“I consider it an honor to rent somebody a Charlie Chaplin movie they’ve never seen. Or to find another person who is moved by the works of Terrence Malick, Jim Jarmusch, or Bela Tarr,” said Elijah. “If you recommend the right movie at the right time, it can make a difference, but first you have to have that perfect title in stock.”
James and Elijah both share a vision for Couch Critics: they want it to be a cultural archive, one that provides not just entertainment, but culture and art.
James and Elijah are working to keep the store running with the help and support of the community, and they each bring their own unique tastes in movies and art to the store.
The store’s Criterion section is filled with restored classics from all over the world, and they have a section set aside for the works of great filmmakers such as Ingmar Bergman, Federico Fellini, Jim Jarmusch, Stanley Kubrick, et al.
Couch Critics always keeps a section for the staff’s featured picks, and for themed picks, to keep up on trends and introduce customers to movies they may not have heard of before. Recently, their section dedicated strictly to comic book and superhero films has been thriving, along with their Kids section, and Blu-Ray.
“It still amazes me how many great films we have here,” says James. “Even just putting movies away I find all kinds of great movies that have almost been forgotten, like the movie adaptation of 1984 I found earlier.” He estimates there are more than 5,000 movies and TV shows in the store.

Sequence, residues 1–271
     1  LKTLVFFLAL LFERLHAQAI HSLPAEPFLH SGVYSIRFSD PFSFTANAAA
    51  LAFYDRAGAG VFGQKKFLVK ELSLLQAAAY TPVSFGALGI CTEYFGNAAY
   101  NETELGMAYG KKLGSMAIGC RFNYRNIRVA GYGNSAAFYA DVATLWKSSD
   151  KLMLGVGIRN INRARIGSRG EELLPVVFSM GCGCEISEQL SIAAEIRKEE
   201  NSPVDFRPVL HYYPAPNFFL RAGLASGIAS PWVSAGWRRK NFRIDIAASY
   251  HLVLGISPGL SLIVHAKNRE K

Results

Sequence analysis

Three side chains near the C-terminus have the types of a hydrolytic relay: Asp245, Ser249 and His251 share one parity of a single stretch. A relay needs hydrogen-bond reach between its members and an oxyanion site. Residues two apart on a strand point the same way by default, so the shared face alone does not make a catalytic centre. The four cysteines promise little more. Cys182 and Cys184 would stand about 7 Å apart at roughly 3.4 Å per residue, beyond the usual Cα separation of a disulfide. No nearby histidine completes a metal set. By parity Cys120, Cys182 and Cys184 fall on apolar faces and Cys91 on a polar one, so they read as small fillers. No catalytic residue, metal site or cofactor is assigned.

Decorations add to the store’s personality. The walls are adorned with vintage and collectible action figures, statues, models, posters, and merchandise, much of which is now for sale.
Maintaining an open and interactive business model has always been important to James. He jokes that customers get free reviews and smart aleck comments with every rental, and he and Elijah are always up for discussing and recommending movies and keeping committed to their knowledge of movies and TV shows so they can answer questions and find the right movies for customers.
Couch Critics recently began to officially carry new and used books, further embracing the vision of the store being a cultural archive.
James values, more than anything, the community that Couch Critics has created. Recently he held a fundraiser for the store, which made him more aware of the community of Couch Critics than ever before, and even more grateful to everyone who has made it all possible, and continues to make it possible.
It is a place made even more special by it being, as James says, one of the last unicorns in the forest, and a last stand for analog and culture. For many places in California and elsewhere, the idea of being able to visit a physical movie rental store is no longer a reality, but thanks to Couch Critics, Mount Shasta is one of those special places.
James and Elijah both extend an open invitation to the community to give them feedback as to how they might continue to delight and serve their patrons in the way that they’d like. They will soon have a suggestion box in the store, which can be reached during business hours at 530-918-9574.
• Cody Lakin is the author of the novel "Other Endings" and a freelance journalist and movie reviewer for Mount Shasta Area Newspapers.